2012 may not have been greeted by the industry with a great deal of enthusiasm - after all, the big Olympic event that should have marked the end of our economic woes will now merely record their nadir. Nonetheless, it is a fresh, crisp new year, so not only is it full of possibilities, it is as yet unsullied by much ghastliness from the advertising world.
So with this fresh start in mind, I would like to make a plea - a plea that we have a quiet word with ourselves about social media. And that we offer rather better advice to our clients in this arena than we evidently mustered in 2011, given the social media fare that we allowed to pollute people's lives last year.
The industry may be falling over itself to set up social media units, hire social media strategists, attend the multitude of social media conferences and devour the outpourings of the blogosphere, and that's all well and good. However, it doesn't seem to be having much effect on output.
The involvement of most brands in the social media lives of the public remains clumsy, inept and disrespectful. Driven, it seems, by a profound misunderstanding of our place in this world, our importance in people's lives and the basic question that we should have learned a long time ago: "Why would anyone give a fuck?" As my girlfriend remarked over the Christmas break: "How sad do you have to be to 'like' a brand on Facebook?"
So I thought we might make a little pledge - a pledge to eradicate crimes against social media that we are either perpetrating or, more dangerously, allowing to take place on our watch. In 2012, we pledge not to:- Bribe people to "like" or follow our brands. Engagement with a brand must be driven by affection or admiration, and if you are short of either, then it's not a social media campaign you need - it's something rather more fundamental. - Accept or set social media metrics as the key performance indicators for a campaign. We must demand an end to briefings that include an arbitrary number of "likes", views or followers as objectives. While these are indicative of popularity, they are only a means to an end and can never be the end in itself. We need to prove the value of these relationships.- Ask people to do something that we wouldn't ourselves want to do or that requires effort far greater than the reward. It sounds bleeding obvious, but how come we so very rarely learn this lesson and continue to ask people to confess, upload and create for us?- Desperately try to start online conversations with vapid inanities - you know the kind of thing: "We love lemon cupcakes, what's your favourite cupcake?" If this were the conversational style of a real friend, we would punch them repeatedly in the face.- Collude in the idea that social media campaigns provide a cheap or even free way to have a constant dialogue with customers and prospects. Providing constant content of sufficient quality is extremely difficult to pull off and is rarely cheap. We also need to develop new production models to deliver this and ensure the task doesn't fall to PR agencies due to cost.- Create mediocre content hoping that it's going to "go viral". Even worse, paying someone to seed mediocre content. People only engage with content that is either useful or delightful, and delivering this takes a set of skills that we possess in spades but need to learn to deliver more consistently.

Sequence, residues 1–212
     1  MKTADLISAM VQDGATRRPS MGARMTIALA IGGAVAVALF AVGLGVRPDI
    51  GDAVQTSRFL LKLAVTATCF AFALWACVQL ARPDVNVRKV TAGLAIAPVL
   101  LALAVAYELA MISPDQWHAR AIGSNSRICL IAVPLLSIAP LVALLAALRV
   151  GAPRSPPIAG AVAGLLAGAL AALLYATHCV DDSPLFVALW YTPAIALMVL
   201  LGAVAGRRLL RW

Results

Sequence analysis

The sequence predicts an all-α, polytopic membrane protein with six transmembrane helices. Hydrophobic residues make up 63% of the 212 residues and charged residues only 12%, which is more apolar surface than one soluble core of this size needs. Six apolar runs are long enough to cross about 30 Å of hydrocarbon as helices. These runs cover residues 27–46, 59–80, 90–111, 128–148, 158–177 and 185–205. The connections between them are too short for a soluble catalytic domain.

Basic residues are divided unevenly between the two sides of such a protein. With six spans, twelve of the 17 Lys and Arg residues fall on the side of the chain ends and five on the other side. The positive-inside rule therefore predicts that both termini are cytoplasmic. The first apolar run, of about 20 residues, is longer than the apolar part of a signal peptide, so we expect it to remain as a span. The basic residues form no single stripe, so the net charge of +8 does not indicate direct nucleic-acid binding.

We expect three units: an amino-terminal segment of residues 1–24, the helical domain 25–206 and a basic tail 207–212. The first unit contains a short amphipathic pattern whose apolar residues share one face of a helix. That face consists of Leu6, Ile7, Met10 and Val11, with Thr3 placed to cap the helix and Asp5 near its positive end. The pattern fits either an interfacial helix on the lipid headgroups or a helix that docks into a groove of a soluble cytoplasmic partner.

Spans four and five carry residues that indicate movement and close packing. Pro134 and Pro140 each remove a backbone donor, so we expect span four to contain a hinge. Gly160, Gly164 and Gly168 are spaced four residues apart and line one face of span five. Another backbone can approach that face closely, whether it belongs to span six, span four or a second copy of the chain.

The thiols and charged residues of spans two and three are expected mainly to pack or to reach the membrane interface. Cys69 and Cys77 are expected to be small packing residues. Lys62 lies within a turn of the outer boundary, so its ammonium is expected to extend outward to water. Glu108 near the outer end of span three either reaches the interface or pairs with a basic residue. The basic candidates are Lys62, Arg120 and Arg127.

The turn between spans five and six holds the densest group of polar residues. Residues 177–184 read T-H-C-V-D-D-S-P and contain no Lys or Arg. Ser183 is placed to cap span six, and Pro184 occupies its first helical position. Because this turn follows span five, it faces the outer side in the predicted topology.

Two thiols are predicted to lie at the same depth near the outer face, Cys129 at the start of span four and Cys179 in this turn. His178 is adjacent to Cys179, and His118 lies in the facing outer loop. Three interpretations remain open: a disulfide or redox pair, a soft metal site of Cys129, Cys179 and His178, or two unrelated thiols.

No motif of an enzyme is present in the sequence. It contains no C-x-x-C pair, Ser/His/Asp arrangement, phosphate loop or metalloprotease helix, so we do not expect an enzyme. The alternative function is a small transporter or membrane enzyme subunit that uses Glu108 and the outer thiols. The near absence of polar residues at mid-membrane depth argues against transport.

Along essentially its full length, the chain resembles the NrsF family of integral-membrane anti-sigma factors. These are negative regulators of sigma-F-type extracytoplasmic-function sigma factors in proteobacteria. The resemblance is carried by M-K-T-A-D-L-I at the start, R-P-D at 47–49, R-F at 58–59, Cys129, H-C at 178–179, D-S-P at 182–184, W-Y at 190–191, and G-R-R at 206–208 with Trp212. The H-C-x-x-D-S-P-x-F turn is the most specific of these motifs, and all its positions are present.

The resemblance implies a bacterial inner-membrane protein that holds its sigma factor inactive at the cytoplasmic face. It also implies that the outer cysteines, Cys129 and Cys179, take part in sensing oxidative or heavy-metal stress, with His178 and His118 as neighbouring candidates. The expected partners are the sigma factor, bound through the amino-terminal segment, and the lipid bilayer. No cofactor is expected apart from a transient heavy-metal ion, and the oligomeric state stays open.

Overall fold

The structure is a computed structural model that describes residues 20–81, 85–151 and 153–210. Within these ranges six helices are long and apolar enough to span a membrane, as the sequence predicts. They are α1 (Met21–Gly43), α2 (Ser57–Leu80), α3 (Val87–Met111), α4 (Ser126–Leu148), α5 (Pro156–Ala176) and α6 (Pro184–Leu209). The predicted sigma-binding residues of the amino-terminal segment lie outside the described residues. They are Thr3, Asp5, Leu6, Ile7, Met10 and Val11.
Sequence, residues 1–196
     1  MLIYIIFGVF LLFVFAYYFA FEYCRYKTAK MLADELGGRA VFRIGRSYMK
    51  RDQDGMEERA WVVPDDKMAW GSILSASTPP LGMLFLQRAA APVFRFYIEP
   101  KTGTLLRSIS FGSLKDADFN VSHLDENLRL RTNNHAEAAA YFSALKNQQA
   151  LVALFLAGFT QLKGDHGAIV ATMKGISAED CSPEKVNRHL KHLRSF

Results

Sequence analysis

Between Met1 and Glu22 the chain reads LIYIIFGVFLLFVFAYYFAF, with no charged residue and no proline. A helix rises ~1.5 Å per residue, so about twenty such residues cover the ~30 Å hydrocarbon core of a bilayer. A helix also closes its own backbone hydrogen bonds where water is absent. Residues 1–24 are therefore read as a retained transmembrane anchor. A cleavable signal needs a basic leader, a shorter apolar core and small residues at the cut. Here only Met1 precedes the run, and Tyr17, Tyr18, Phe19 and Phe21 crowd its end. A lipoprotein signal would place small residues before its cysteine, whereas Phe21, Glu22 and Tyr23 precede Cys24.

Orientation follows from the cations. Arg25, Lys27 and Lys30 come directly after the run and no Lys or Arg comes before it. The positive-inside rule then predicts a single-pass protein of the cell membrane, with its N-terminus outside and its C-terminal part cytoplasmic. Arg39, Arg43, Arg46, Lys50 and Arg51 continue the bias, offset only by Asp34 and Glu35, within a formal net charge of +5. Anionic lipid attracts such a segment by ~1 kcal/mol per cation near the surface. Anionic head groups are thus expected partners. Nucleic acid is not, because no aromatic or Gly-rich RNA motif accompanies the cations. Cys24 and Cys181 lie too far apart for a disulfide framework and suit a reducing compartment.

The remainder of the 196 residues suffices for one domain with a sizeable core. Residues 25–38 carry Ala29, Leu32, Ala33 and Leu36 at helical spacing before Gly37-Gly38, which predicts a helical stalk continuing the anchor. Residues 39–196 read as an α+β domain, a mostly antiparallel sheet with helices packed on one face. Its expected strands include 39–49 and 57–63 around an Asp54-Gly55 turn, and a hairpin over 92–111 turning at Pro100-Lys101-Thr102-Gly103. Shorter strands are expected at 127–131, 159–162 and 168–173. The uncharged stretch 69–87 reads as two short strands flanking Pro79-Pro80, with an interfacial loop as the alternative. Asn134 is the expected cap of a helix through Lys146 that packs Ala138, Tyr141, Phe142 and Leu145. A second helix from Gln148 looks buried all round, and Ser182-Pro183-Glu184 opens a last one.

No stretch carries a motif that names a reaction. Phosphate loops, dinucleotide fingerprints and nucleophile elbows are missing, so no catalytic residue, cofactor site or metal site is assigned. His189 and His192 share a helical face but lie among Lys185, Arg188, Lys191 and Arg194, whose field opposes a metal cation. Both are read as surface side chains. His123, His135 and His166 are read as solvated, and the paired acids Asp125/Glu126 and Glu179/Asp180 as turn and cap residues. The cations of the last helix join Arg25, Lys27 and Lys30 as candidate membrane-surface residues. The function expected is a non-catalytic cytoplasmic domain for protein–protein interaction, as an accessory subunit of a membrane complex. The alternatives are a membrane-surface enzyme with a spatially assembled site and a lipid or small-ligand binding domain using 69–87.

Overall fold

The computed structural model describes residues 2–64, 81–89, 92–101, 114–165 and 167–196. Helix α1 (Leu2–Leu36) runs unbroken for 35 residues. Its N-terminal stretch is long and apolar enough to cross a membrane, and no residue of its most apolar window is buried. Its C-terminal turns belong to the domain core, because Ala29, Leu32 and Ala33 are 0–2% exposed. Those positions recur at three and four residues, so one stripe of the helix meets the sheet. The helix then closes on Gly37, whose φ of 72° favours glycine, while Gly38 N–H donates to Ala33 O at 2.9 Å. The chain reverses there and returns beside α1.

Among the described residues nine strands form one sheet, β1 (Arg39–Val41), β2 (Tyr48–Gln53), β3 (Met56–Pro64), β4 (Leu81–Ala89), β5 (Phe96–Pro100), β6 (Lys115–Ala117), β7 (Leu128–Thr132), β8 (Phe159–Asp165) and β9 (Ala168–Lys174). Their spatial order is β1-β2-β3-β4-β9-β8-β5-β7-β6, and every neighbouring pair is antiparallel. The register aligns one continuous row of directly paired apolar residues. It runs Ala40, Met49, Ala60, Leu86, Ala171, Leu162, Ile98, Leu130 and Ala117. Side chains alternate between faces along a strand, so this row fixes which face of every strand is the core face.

So let us commit ourselves to eradicate these and many other crimes against social media and help ensure that, in 2012, social media marketing not only comes of age, but grows up.
Richard Huntington is the director of strategy at Saatchi & Saatchi.